The American Girl series is a wonderful teaching tool. The books and movies give girls a frame of reference for understanding important periods in United States history.
The American Girl books are grouped into series. Each character has a book for her birthday, a holiday, a school story, etc. The core books for each girl feature a wonderful section at the back of the book that ties the story in with history. This section always has pictures of artifacts from the relevant historical period.
You can also buy American Girl mysteries. There are far too many to list!
I recommend the American Girls books for grades 3 and up. You can buy boxed sets of all books for each American girl. The boxed sets are a good value because students read them over and over.
The American Girls books, in chronological order:
Kaya 1764: a Native American Girl
Felicity Merriman, 1774: a horse-loving girl caught between Patriot and Loyalist family and friends during the American Revolution
Josefina Montoya, 1824: lives in New Mexico when it was part of Mexico
Addy Walker, 1864: a fugitive slave who escapes to Pennsylvania during the Civil War
Samantha Parkington, 1904: an orphan being raised by a wealthy family during the Victorian period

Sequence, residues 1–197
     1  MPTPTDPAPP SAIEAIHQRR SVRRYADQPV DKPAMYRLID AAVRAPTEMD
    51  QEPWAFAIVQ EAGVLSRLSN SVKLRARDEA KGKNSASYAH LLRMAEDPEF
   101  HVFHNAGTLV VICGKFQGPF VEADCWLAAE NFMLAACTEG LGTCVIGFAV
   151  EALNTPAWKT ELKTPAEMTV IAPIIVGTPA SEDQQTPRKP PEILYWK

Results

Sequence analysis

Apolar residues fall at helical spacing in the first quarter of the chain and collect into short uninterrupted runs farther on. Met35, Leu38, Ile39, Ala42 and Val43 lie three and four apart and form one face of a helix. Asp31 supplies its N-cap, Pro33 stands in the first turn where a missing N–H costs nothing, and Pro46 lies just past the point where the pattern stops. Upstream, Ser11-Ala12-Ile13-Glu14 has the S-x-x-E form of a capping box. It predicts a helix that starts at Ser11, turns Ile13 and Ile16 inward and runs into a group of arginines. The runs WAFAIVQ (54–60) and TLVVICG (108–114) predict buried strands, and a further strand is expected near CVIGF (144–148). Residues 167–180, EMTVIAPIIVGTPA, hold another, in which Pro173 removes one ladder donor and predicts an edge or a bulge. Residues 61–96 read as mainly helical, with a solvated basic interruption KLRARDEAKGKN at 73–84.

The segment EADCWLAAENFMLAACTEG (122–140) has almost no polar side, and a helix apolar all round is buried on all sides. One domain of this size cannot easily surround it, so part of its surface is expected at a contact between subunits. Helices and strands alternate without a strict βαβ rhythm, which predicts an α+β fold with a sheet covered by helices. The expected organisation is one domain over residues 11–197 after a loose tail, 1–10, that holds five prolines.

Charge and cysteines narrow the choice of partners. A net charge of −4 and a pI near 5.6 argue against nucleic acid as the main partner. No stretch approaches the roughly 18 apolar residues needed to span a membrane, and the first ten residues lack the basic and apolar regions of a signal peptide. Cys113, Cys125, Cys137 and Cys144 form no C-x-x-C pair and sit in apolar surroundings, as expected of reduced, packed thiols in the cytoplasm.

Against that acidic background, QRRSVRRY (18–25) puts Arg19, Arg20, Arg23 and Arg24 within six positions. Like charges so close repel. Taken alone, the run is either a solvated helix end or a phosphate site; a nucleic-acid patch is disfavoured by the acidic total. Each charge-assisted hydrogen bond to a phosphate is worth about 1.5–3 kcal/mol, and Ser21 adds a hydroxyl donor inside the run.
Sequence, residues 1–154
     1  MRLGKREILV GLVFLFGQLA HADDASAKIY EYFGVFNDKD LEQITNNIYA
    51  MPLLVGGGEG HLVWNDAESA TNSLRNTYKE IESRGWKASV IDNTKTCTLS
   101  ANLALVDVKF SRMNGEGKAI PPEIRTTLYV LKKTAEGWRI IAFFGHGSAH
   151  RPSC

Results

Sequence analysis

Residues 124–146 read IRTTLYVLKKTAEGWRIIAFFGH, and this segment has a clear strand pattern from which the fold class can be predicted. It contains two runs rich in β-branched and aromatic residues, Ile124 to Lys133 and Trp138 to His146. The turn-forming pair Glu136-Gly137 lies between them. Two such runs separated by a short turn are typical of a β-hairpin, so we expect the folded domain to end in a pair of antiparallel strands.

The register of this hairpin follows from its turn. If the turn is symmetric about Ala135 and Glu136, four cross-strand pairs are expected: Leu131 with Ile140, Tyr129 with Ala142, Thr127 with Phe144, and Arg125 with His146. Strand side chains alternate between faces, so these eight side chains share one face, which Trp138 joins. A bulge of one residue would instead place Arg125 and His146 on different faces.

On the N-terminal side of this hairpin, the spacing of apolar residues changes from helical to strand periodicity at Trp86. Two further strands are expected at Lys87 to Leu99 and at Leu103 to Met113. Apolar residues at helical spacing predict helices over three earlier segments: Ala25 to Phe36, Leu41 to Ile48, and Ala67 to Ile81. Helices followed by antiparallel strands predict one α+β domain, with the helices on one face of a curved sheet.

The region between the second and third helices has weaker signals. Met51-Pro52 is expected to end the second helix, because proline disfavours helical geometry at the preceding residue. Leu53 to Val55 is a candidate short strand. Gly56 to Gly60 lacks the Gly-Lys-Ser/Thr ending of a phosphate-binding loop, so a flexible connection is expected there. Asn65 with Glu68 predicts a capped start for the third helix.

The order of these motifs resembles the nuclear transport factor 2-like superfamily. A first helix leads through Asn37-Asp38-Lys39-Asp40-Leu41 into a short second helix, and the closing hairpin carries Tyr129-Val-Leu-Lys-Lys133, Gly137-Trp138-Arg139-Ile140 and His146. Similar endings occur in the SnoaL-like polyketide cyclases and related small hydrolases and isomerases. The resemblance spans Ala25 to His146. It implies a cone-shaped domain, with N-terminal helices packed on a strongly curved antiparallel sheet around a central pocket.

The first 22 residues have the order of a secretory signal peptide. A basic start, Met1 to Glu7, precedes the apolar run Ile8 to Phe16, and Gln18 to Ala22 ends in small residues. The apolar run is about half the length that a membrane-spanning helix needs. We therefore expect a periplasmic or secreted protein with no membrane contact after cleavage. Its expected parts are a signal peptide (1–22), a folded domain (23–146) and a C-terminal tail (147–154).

Rebecca Rubin, 1914: a Jewish girl growing up in the Lower East Side of New York City
Julie Albright, 1974: A San Francisco girl facing the changes of the mid-1970s
Observation: Although the American Girls books are popular, I usually have to push them on students. Once I get one girl hooked, American Girl fever spreads through the classroom. Usually, the boys end up reading the books, too. The girls are careful not to embarrass the boys about reading these books.
American Girls Movies: Felicity, Samantha and Kit each have their own movie. (You can buy them in a 3-movie set, too.) The movies are of very high quality and I enjoy using them in the classroom. American Girl also features a wonderfully positive magazine and a plethora of dolls.
Getting the Boys to Buy In to Watching the Movies: I aways explain to the class that I understand the movies are about girls, but I think the boys in the class also will enjoy the movies. I ask the girls in my class to promise not to tease the boys or tell students in other classes how much the boys in our class enjoy the movies.